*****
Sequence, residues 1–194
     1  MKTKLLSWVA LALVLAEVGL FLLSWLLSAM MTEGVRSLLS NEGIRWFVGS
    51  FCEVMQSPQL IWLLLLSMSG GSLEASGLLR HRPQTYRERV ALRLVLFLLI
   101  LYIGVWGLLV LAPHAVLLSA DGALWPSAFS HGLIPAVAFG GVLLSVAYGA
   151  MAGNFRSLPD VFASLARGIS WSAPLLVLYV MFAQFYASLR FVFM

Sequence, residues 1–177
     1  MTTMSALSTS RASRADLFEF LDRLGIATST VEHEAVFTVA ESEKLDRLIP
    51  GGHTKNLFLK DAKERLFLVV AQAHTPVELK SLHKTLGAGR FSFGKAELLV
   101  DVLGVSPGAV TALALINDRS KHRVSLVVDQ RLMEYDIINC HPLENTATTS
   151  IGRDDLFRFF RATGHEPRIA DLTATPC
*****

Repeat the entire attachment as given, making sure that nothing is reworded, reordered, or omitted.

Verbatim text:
Sequence, residues 1–194
     1  MKTKLLSWVA LALVLAEVGL FLLSWLLSAM MTEGVRSLLS NEGIRWFVGS
    51  FCEVMQSPQL IWLLLLSMSG GSLEASGLLR HRPQTYRERV ALRLVLFLLI
   101  LYIGVWGLLV LAPHAVLLSA DGALWPSAFS HGLIPAVAFG GVLLSVAYGA
   151  MAGNFRSLPD VFASLARGIS WSAPLLVLYV MFAQFYASLR FVFM

Sequence, residues 1–177
     1  MTTMSALSTS RASRADLFEF LDRLGIATST VEHEAVFTVA ESEKLDRLIP
    51  GGHTKNLFLK DAKERLFLVV AQAHTPVELK SLHKTLGAGR FSFGKAELLV
   101  DVLGVSPGAV TALALINDRS KHRVSLVVDQ RLMEYDIINC HPLENTATTS
   151  IGRDDLFRFF RATGHEPRIA DLTATPC